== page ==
When it comes to love, think “nurturing a garden” not “fixing a vehicle.” With a truck or car you can pay to diagnose the problem, go buy a part, install it, slam the hood, and VIOLA, on to other things. However, don’t try that in your marriage, PLEASE!

See, a vehicle is just supposed to work. It’s supposed to be there when you need it, and just wait around for you the rest of the time. It’s meant to perform the way you expect, and you have a right to demand that it does whenever you want. If it doesn’t you probably neglected something or other, or a part wore out, and it’s just a matter of getting it fixed. When that’s done it’s reliable once again.

A marriage, on the other hand, only “works” if you nurture it regularly. Love grows like a garden and needs regular watering, fertilizing, pruning and protecting. Only then will it be there when you need it, and in your awareness as a delight the rest of the time. A marriage performs according to the way you invest in it and you have no right to expect anything else. If you do, you’ve probably missed a finger you should be pointing at yourself, or it’s time to learn more about your partner, and just a matter of developing a little humility. When you can see it this way your marriage will become “reliable” once again.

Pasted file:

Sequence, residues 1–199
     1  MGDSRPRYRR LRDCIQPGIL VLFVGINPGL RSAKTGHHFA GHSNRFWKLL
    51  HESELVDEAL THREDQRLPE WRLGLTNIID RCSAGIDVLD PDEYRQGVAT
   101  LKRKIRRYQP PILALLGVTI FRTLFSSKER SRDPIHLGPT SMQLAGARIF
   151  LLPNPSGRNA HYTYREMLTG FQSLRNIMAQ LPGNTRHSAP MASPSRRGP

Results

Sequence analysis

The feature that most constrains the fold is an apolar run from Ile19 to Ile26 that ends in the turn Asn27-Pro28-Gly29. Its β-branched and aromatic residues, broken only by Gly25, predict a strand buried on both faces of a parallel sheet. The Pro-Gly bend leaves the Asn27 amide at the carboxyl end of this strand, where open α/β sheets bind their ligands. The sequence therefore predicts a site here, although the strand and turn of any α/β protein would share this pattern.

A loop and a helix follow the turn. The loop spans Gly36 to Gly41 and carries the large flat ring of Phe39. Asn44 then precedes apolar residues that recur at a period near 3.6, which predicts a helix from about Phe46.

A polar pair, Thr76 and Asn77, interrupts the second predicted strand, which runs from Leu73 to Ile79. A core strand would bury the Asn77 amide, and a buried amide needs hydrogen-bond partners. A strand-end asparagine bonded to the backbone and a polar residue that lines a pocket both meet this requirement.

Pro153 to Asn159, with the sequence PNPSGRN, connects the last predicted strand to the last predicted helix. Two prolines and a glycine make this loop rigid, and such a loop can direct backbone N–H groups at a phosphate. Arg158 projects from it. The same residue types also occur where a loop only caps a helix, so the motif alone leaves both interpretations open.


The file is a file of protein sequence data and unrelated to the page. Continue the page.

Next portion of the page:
Therefore, for whatever relationship woes you may encounter: find out ways to nurture solutions, not just fix the problems.

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People’s experience and cultural norms merge together and gain a voice, affectionately known as “They Say…” People accept these truisms, live from them and, sometimes, find them to be true. However when it comes to marriage and relationships, we advocate a counter-cultural approach.

What if your dreams about love could come true, and not what “they say”? For example,

1. They say: “Sex, money, kids and religion are the scenes of the most arguments in a relationship. Beware.” What we believe about these subjects is central to who we are as individuals. What we feel about them and how we express those feelings are embedded in the core of our identity. Hence, discussing these topics requires the most vulnerability, trust and understanding. So when we do what it takes to develop that trust, understanding and vulnerability,

Then we say: “Sex, money, kids and religion can be the scenes of the most fulfilling and enriching conversations available. Enjoy!”